United Stor-All Sante Fe
|Copyright 2014 by Virgo Publishing.|
|Posted on: 11/01/2005|
A vacant builder’s supply yard was transformed into a multi-story self-storage facility with a pre-engineered interior-mezzanine system. The result was a space-efficient and profitable business for the owner and an asset to the community.
The United Stor-All project in Santa Fe, N.M., owned by San Mateo Storage Partners, is typical of a recent trend in the self-storage industry toward multistory facilities. As governments scrutinize proposals for new sites and land becomes scarce, a growing number of developers are finding that vacant warehouses, lumber yards and other commercial buildings make ideal prospects for conversion to self-storage.
San Mateo Principals Webb Wallace and Rob Lee have developed more than a dozen storage facilities around the country. In Sante Fe, they redeveloped the former Furrow Supply Yard building into a facility with 542 units, including 400 with climate control. The project took less than a year to complete, with a construction phase of less than five months. It opened in June 2005.
Martin Kuziel, an architect with Architectural Alliance of Santa Fe, N.M., handled the overall design of the project. On the exterior, he called for earth-tone paints and a green-patina metal roof to replace the building’s ‘70sera appearance. Inside, lumber warehouses were converted with the help of a design team from U.S. Door & Building Components of Orlando, Fla.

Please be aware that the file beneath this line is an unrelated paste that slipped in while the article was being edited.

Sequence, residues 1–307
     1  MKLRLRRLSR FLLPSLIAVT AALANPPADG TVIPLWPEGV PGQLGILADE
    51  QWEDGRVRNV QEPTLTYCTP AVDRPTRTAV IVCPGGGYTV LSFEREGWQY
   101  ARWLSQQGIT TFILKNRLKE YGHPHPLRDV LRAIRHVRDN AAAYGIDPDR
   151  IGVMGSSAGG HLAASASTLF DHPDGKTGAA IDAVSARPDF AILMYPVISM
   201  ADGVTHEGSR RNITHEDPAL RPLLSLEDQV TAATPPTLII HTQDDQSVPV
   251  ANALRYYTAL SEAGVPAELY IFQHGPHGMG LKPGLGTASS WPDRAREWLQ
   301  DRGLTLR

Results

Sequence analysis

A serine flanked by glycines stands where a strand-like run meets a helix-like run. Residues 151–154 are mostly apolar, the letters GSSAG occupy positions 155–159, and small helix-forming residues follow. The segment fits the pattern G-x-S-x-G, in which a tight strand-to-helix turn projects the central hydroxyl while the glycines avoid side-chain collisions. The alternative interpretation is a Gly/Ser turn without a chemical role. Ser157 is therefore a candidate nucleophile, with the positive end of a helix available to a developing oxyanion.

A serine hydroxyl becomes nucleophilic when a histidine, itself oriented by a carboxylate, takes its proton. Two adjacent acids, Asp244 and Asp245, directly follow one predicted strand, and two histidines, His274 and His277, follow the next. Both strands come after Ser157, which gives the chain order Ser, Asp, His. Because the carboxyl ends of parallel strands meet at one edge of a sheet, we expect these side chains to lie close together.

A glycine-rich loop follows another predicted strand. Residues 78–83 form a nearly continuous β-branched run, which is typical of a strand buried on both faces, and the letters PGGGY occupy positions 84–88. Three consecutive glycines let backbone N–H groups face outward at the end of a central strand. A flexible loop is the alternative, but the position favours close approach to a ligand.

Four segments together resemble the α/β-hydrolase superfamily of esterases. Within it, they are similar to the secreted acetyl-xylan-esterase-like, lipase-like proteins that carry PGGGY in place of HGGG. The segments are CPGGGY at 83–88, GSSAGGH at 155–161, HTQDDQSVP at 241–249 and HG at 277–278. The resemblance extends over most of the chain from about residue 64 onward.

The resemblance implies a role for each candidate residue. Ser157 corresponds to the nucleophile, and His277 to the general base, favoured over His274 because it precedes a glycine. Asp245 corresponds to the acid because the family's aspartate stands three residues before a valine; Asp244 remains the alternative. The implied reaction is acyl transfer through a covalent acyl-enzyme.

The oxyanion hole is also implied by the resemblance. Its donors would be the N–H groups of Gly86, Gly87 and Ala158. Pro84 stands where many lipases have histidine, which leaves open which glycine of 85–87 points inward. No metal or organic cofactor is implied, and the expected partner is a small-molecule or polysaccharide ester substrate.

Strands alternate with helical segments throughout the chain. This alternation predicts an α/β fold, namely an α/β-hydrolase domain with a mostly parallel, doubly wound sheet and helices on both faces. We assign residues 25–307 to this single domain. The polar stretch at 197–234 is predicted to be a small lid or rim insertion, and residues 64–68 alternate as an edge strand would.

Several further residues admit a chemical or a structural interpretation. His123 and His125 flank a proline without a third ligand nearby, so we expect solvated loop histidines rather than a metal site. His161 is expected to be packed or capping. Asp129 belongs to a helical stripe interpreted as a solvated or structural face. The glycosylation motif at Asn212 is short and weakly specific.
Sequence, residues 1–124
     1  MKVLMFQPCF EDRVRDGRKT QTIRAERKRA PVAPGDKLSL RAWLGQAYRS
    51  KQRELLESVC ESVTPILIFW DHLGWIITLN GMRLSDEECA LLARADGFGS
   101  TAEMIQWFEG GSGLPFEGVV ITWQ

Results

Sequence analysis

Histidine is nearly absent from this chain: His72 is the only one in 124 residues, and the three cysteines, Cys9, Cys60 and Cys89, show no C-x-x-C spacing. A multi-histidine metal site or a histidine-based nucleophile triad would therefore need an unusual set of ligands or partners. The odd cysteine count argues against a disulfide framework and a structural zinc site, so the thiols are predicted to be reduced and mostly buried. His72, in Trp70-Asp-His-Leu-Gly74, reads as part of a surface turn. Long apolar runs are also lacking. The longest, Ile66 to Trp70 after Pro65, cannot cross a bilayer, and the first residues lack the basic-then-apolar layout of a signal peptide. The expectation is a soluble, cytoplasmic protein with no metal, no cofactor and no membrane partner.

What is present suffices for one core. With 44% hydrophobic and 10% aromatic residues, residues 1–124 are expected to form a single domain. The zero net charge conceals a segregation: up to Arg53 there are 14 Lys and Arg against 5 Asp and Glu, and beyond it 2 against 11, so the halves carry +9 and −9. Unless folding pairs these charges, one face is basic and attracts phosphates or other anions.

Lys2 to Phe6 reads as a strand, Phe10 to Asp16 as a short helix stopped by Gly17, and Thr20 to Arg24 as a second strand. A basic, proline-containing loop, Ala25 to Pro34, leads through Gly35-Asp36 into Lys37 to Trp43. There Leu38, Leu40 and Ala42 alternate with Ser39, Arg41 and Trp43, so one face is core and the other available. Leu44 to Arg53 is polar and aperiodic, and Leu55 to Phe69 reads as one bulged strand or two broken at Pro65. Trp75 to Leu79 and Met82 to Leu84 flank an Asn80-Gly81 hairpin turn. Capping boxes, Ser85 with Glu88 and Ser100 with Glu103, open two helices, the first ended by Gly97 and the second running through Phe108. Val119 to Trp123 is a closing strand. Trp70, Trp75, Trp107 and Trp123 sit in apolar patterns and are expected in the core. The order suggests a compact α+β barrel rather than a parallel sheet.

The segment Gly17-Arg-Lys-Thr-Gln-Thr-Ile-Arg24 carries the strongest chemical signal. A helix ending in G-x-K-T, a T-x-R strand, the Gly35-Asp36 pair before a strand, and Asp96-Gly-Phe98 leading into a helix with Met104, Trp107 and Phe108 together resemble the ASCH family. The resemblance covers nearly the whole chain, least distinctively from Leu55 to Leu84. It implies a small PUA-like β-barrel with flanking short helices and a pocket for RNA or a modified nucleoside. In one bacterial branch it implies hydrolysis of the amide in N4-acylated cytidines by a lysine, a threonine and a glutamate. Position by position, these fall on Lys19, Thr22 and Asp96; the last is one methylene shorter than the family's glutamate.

The company’s engineers were given the project’s parameters, including height clearance, unit mix and access points. From there, they planned the mezzanine level, storage units, hallways and stairs. Working from Kuziel’s schematic of the 54,097-square-foot interior, they were able to maximize the rentable space.
Construction was expedited by using U.S. Door’s pre-engineered steel systems. A 10,450-square-foot mezzanine system added a second story to the project under the existing ceiling. A freight elevator at the rear of the building provides a drive-up access point, and prefabricated steel stairs were installed at the end of each hallway. The mezzanine used existing HVAC and lighting systems, minimizing the cost of the conversion; and the additional storage units it created significantly increased the floor-area ratio and value of the property.
The single-height hallways included the necessary components for the lower-level lighting and fire-suppression equipment. They were built around gloss-white, 20-gauge, nonstructural piers and headers that are easily designed for retrofits and strengthen the hallways. The owners chose optional chamfered corners and diamond-plate aluminum corner guards to protect the facility’s walls from being damaged by items being moved in and out of the building. “It’s a design detail that’s much appreciated,” says Wallace. “It keeps the place looking nice for longer.”
The facility’s commercial rollup doors were easily hung on existing buildings because they mount to wood, masonry or steel jambs. They move quietly and efficiently with light-lifting features such as wear-strips on the curtain edge; springs with easy-to-use, adjustable tension devices; and bearings. Each door has a double slide lock suitable for use with padlocks.
Finally, the site features covered parking bays for large vehicles such as RVs and construction equipment. “We have a large vintage car club we hope to rent to,” says Wallace.
U.S. Door is an international supplier of self-storage components, rolling steel doors, wind-load certified doors, interior hallway systems, garage-storage systems, stackable-storage and wine-locker systems, mezzanine systems, portable-building systems and structural pier and header systems. Services include engineering, design, bid take-off and unit-mix layout. For more information, visit www.usdoor.com.